Editorial

on Saturday, 03 July 2004. Posted in Issue 48 The Constitution: Private Property and the Common Good, 2004

June 2004

Dear Reader,

In this issue of Working Notes we examine the report on Private Property of the All- Party Oireachtas Committee on the Constitution Property, published in April 2004. The Report followed a request from the Taoiseach in February 2000 to “consider the present constitutional provisions in respect of property rights and specifically the necessity for up-dating those provisions which pertain to planning controls and infrastructural development”.

In the light of the recent constitutional amendment on citizenship it is interesting to look at the process by which the constitutional provisions on Private Property were reviewed. Following wide consultation, in which the Committee received 140 written submissions from individuals, groups and organizations and subsequently held oral hearings, a comprehensive 133 page report and a further 300 pages in appendices were compiled. The Report includes a detailed review of the constitutional provisions on private property and existing case law, the property market and the planning system, which enabled well-founded conclusions and clear recommendations to be made.

In contrast there was no public consultation prior to proposing the recent change to the Constitution in respect of the right to citizenship. It was not deemed necessary that the All-Party Oireachtas Committee on the Constitution should consider the issue. Consequently, the debate was held in the absence of a thorough analysis. The result was that much information was at the level of anecdote and general impression; the failure of the Government to produce comprehensive research findings hindered a full and balanced assessment of the issues and the consideration of a range of possible policy responses.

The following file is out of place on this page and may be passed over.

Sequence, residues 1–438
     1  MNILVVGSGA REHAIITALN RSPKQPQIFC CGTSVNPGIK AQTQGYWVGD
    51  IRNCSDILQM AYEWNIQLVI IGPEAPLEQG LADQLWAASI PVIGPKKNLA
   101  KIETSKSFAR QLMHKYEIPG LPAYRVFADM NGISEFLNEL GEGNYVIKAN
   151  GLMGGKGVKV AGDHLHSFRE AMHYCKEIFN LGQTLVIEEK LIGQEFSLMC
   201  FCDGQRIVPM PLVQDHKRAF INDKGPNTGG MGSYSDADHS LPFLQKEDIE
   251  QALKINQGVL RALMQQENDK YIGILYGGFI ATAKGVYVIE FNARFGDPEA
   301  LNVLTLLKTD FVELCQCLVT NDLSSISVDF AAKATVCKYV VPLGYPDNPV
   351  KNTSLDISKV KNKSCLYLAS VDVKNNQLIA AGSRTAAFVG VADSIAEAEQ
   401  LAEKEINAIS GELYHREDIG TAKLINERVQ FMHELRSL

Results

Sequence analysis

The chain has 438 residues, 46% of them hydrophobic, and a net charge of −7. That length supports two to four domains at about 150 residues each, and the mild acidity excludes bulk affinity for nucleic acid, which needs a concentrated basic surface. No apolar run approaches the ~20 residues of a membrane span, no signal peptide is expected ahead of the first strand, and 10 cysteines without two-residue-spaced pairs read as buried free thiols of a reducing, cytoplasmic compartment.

The Constitution represents a privileged source and statement of values in Ireland. I believe that, in bypassing established procedures that ensure full public consultation and thorough analysis of issues prior to constitutional change, the Government did a disservice to all people who reside on this island.

Eugene Quinn
Director
Jesuit Centre for Faith and Justice

When Ireland became an independent State it inherited some appallingly bad housing conditions. This was most notoriously the case in the severely deprived areas of inner-city Dublin, but inadequate and overcrowded housing which lacked basic facilities was also prevalent in towns and villages and rural areas around the country. Read full editorial

Working Notes is a journal published by the Jesuit Centre for Faith and Justice. The journal focuses on social, economic and theological analysis of Irish society. It has been produced since 1987.